Court Rejects Orphan Works Appeal

A U.S. appeals court dealt another blow Monday to an effort aimed at a constitutional review of a 1992 law extending copyright protections to orphan works no longer in print.

The Ninth Circuit Court of Appeals in San Francisco rejected a challenge to the law by Brewster Kahle of the Internet Archive and film archivist Richard Prelinger. Kahle and Prelinger contend the law violates the First Amendment by preventing orphan works from entering the public domain.

The decision upheld a lower court dismissal of Kahle v. Gonzales, in which Kahle argued that the move from an opt-in to an opt-out system of copyright law requires a First Amendment review of the law.

That decision, in effect, upheld a 2003 Supreme Court decision denying a similar challenge.

The appeals court said Kahle and Prelinger made “no compelling reason” for the court to overturn the lower court decision or the 2003 Supreme Court ruling in Eldred v. Ashcroft.

Until 1976, copyright law required authors and artists to register and proactively defend their copyrights. The term of the copyright was 28 years. A series of changes in the law, however, now grants copyright protection whether or not the work is registered or renewed.

By 1992, the Sony Bono Copyright Term Extension Act retroactively extended copyright protection by another 20 years beyond the author’s life plus 50 years, again decreasing the number of works entering the public domain.

According to Christopher Sprigman of the Stanford Center for Internet and Society, who, along with Lawrence Lessig of Stanford, represented Kahle and Prelinger in the case, as much as 90 percent of published works prior to 1976 were not registered and immediately passed into the public domain.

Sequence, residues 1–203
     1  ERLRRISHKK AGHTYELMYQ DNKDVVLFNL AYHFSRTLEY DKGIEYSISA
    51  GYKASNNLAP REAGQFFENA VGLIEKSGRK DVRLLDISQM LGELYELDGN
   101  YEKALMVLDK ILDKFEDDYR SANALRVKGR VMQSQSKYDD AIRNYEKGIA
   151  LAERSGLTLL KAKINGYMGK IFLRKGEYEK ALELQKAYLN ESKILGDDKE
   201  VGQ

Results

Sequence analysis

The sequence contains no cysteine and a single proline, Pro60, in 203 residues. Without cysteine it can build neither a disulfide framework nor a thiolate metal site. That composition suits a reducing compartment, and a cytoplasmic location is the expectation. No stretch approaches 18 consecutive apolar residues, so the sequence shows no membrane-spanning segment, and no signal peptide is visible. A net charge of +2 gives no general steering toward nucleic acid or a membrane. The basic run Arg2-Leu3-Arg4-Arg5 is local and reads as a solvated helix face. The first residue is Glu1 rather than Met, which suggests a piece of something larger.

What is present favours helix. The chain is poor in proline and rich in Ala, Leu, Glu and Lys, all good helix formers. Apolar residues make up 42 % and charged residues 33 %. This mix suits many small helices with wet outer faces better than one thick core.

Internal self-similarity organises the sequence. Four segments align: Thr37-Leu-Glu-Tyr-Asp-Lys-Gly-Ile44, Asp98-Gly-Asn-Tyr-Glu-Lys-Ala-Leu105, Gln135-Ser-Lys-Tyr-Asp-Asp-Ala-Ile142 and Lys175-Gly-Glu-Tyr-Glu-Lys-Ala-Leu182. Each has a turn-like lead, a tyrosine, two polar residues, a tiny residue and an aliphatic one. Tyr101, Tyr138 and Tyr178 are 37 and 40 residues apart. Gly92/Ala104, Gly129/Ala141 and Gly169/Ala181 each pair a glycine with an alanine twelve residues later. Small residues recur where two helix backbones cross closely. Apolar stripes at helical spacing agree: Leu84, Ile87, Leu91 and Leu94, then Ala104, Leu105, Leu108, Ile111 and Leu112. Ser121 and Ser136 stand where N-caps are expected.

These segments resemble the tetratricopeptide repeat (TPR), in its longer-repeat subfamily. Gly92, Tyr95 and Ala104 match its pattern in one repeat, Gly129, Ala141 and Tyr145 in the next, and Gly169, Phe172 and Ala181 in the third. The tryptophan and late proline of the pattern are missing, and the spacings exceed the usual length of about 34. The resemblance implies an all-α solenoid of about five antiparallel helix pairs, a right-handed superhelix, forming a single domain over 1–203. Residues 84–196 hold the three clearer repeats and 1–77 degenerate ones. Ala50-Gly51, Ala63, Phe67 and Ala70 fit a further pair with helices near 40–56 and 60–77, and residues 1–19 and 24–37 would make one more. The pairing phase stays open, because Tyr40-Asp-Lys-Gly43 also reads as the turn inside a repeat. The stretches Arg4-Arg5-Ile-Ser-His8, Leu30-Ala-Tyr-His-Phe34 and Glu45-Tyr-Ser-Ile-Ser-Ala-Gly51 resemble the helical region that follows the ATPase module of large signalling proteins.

Of the works that were registered, more than 85 per cent were not renewed and entered into the public domain.

Neither Sprigman nor Lessig were initially available for comment, but Sprigman wrote in the Public Knowledge blog, “Our tradition of opt-in copyright stands in stark to what we have today –- an ‘opt-in’ system that grants copyright protection whether or not an author desires it… Protection is indiscriminate and automatic.”

In Monday’s ruling, the court left any changing of the current copyright law to Congress, stating that lawmakers must weigh the “impetus provided to authors by longer terms against the benefits provided to the public by shorter terms.”

Art Brodsky, communications director at Public Knowledge, said in an e-mail statement to, “We were disappointed with the ruling. It shows how important it will be for Congress to address orphan works issues.”

Kahle’s Internet Archive is working on the “Million Book Project,” which hopes to offer free access to online library of digitized books. Kahle’s partners in the project include Carnegie Mellon University, the National Science Foundation and the governments of India and China.

The project heavily depends on works available in the public domain.

“These are works that are not commercially viable and therefore not widely available to the public, but are nevertheless subject to continuing copyright protection,” Sprigman wrote.

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